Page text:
Project description:Siderophores are high-affinity iron chelators produced by microorganisms and frequently contribute to the virulence of human pathogens. Targeted inhibition of the biosynthesis of siderophores staphyloferrin B of Staphylococcus aureus and petrobactin of Bacillus anthracis hold considerable potential as a single or combined treatment for methicillin-resistant S. aureus (MRSA) and anthrax infection, respectively. The biosynthetic pathways for both siderophores involve a nonribosomal peptide synthetase independent siderophore (NIS) synthetase, including SbnE in staphyloferrin B and AsbA in petrobactin. In this study, we developed a biochemical assay specific for NIS synthetases to screen for inhibitors of SbnE and AsbA against a library of marine microbial-derived natural product extracts (NPEs). Analysis of the NPE derived from Streptomyces tempisquensis led to the isolation of the novel antibiotics baulamycins A (BmcA, 6) and B (BmcB, 7). BmcA and BmcB displayed in vitro activity with IC50 values of 4.8 ?M and 19 ?M against SbnE and 180 ?M and 200 ?M against AsbA, respectively. Kinetic analysis showed that the compounds function as reversible competitive enzyme inhibitors. Liquid culture studies with S. aureus , B. anthracis , E. coli , and several other bacterial pathogens demonstrated the capacity of these natural products to penetrate bacterial barriers and inhibit growth of both Gram-positive and Gram-negative species. These studies provide proof-of-concept that natural product inhibitors targeting siderophore virulence factors can provide access to novel broad-spectrum antibiotics, which may serve as important leads for the development of potent anti-infective agents.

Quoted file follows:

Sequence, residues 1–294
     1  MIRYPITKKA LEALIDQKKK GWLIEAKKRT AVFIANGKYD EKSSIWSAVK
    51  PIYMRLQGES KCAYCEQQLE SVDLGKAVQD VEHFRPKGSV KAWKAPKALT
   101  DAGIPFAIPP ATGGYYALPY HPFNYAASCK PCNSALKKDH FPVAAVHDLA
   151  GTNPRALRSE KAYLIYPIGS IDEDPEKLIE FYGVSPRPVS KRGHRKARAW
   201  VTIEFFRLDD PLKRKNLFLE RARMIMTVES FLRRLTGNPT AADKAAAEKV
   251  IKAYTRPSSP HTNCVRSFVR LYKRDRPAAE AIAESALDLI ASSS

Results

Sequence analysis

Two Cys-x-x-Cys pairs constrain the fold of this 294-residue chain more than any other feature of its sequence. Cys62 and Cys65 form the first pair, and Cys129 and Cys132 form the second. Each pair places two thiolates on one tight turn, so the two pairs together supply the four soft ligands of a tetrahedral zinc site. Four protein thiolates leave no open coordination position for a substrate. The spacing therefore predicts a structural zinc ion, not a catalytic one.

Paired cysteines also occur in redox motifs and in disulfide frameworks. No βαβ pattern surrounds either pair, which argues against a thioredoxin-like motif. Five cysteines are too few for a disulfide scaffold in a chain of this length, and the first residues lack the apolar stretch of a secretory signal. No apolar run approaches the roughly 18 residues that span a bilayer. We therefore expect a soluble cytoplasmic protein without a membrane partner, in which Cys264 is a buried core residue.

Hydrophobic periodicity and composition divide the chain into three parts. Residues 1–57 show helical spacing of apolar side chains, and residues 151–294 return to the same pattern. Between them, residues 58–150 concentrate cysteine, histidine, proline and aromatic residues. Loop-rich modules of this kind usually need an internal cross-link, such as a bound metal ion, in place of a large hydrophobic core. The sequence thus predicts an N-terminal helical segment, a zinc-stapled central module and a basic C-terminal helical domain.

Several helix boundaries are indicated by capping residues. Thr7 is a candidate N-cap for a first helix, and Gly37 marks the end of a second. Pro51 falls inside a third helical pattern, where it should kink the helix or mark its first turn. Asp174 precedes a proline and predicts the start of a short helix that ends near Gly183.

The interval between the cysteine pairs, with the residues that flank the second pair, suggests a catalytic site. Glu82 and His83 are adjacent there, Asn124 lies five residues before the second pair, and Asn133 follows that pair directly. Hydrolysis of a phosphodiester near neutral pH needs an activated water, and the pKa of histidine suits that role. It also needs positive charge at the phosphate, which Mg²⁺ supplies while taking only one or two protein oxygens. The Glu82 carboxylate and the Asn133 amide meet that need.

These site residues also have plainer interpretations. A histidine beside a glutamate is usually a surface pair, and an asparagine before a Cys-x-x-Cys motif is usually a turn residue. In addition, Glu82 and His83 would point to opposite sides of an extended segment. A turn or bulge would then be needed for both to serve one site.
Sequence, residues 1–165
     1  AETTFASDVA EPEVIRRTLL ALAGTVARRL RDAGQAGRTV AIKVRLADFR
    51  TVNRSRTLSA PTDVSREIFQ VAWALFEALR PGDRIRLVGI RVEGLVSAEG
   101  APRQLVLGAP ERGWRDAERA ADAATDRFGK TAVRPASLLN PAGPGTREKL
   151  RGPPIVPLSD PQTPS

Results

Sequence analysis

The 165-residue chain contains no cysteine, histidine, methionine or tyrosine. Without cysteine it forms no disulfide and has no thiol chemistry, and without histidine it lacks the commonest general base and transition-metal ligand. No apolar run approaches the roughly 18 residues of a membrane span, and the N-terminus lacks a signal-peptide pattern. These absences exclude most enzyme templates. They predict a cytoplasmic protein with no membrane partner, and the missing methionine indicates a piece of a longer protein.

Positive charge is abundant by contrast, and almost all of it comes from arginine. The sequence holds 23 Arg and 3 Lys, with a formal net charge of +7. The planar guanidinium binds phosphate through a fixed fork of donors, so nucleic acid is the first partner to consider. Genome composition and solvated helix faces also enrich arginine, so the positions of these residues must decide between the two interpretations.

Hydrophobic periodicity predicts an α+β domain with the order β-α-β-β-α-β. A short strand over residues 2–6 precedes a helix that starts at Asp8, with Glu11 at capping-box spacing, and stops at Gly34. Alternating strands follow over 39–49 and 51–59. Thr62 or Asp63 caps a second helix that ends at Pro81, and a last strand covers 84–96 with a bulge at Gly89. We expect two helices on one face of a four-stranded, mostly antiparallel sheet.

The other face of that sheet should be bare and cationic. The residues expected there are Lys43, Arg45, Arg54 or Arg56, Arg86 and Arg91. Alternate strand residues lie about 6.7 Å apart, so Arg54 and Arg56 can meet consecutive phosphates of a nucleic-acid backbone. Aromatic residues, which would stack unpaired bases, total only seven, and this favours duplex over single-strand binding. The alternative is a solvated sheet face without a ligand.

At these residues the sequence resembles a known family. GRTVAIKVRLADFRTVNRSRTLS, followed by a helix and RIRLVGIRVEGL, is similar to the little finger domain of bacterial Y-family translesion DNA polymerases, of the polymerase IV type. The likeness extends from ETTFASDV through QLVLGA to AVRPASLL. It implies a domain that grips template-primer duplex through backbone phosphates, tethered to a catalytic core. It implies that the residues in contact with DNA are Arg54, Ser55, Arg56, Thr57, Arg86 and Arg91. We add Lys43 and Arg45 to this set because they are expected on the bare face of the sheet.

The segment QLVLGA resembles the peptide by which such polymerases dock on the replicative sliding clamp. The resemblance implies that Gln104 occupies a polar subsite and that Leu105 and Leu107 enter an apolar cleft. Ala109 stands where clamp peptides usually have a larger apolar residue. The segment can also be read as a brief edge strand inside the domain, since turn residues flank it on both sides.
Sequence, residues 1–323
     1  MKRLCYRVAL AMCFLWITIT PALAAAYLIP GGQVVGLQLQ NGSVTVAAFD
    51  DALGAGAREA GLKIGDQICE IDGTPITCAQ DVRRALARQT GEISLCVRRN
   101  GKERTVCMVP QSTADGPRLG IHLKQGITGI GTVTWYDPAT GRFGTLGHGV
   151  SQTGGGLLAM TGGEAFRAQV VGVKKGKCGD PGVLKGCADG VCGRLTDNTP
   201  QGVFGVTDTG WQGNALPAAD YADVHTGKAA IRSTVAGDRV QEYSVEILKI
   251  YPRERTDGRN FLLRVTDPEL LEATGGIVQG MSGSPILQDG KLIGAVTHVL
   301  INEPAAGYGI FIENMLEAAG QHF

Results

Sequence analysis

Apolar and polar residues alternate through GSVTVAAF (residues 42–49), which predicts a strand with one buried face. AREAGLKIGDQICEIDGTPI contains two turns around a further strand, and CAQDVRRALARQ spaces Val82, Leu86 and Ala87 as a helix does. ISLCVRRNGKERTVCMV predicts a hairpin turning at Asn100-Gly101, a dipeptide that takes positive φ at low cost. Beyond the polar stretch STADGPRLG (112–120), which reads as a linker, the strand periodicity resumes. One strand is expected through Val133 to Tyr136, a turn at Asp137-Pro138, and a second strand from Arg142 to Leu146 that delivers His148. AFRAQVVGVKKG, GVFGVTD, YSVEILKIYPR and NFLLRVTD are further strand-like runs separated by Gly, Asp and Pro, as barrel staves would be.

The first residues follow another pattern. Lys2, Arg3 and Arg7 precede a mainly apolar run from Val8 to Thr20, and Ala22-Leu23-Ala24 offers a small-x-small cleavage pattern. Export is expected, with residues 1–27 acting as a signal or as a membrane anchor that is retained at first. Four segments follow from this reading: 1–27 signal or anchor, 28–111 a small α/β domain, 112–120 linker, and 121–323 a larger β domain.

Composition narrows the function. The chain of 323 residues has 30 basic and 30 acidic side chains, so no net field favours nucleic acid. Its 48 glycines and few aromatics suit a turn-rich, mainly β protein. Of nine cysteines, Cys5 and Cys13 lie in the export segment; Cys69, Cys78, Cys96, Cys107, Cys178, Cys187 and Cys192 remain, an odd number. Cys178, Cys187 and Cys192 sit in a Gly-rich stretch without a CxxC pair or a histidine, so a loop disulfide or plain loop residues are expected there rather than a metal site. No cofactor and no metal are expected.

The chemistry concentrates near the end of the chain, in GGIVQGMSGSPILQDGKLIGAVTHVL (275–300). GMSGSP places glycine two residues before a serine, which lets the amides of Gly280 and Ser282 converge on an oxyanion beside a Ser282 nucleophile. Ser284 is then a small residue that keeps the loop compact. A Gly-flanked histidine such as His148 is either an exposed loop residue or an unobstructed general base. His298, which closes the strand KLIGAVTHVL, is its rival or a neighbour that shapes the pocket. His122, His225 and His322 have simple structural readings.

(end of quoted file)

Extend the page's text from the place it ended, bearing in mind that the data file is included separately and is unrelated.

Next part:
Project description:Siderophores are low molecular weight, high-affinity iron(III) ligands, produced by bacteria to solubilize and promote iron uptake under low iron conditions. Two prominent structural features characterize the majority of the marine siderophores discovered so far: (1) a predominance of suites of amphiphilic siderophores composed of an iron(III)-binding headgroup that is appended by one or two of a series of fatty acids and (2) a prevalence of siderophores that contain alpha-hydroxycarboxylic acid moieties (e.g., beta-hydroxyaspartic acid or citric acid) which are photoreactive when coordinated to Fe(III). Variation of the fatty acid chain length affects the relative amphiphilicity within a suite of siderophores. Catecholate sulfonation is another structural variation that would affect the hydrophilicity of a siderophore. In addition to a review of the marine amphiphilic siderophores, we report the production of petrobactin disulfonate by Marinobacter aquaeolei VT8.